Explain the incentive to print more money through consistent biases বিশ্বাস beliefs, beliefs and group rules, politics or like-minded behaviors এম MMT because federal debt purchases, stimulus, grants and stock appreciation have become normal and harmonious for many groups of people. However, many believe that it is unreasonable to print so much money and devalue it by reducing the purchasing power of the currency. This view was traditionally inconsistent with tradition.
Ingroup bias is “the tendency to treat others as if they were members of their own group.”
In recent history, Keynesian economists, governments and financial authorities have been prominent authorities for money and most people have been socially biased in believing in the group policies of those authorities. This group bias overlaps with social circles, friends, family and work colleagues. This makes it difficult to change or think differently because of social barbarism or dissent.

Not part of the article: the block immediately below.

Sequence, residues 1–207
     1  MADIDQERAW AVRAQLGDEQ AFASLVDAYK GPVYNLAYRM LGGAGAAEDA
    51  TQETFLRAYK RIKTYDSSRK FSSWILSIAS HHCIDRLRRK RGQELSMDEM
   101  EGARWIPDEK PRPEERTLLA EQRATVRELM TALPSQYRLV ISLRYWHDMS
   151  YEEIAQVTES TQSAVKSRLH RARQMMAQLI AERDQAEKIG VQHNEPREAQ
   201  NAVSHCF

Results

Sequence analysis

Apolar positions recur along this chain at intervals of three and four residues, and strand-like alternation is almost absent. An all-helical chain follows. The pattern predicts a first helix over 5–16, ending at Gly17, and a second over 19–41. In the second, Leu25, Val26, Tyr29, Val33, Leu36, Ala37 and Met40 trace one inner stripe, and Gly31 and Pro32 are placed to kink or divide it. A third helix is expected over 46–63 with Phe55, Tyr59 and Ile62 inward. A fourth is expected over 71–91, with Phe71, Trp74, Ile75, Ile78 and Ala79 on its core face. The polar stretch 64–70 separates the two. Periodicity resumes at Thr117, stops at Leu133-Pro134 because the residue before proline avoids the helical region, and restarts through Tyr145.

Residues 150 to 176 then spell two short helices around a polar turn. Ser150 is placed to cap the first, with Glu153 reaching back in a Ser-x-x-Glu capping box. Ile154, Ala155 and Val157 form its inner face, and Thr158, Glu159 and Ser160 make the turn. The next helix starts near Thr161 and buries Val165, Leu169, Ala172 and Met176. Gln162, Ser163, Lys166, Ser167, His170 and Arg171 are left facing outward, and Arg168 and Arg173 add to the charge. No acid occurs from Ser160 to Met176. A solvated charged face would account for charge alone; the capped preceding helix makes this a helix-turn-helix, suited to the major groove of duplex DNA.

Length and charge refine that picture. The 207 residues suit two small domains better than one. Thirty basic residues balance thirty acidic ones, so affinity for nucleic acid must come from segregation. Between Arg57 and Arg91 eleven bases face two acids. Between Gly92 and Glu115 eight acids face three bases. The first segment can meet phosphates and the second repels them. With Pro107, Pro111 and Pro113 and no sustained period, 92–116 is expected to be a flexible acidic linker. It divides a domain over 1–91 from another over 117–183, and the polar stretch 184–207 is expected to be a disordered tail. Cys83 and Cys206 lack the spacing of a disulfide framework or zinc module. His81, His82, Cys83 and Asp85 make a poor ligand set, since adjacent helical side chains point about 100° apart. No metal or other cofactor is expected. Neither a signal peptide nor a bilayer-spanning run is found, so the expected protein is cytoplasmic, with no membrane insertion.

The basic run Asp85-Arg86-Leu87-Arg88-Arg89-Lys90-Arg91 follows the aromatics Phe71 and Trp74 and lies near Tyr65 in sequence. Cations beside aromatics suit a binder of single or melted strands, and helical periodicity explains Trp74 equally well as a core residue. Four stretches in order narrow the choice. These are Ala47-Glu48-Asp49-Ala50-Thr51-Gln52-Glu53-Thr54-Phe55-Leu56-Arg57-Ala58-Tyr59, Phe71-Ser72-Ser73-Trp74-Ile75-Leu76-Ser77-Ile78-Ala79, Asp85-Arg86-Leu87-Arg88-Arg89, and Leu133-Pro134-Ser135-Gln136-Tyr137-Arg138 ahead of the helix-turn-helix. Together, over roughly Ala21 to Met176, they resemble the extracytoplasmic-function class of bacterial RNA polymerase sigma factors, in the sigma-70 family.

Group bias also often leads people to give blankets and false statements that fit into a group ideology. The group ideology often strongly rejects ideas or systems if the ideas are outside the authority of their group or their group.
External groups and reactive devaluation bias
The bias not invented here is another in-group bias and it is “distaste for communication or use of products, research, values, or knowledge developed outside of a group.”
Reactive underestimation bias “occurs when an offer is underestimated if it appears to be derived from a competitor.”
All you have to do with Bitcoin – any potential problems – without the reaction of the authorities and the negative and broad, seemingly critical thinking.
Furthermore, since the authority of the person in authority is based on group sensitivities and group-thinking, the anti-Bitcoin words and opinions of the authority are more widespread within the group dependent on their authority.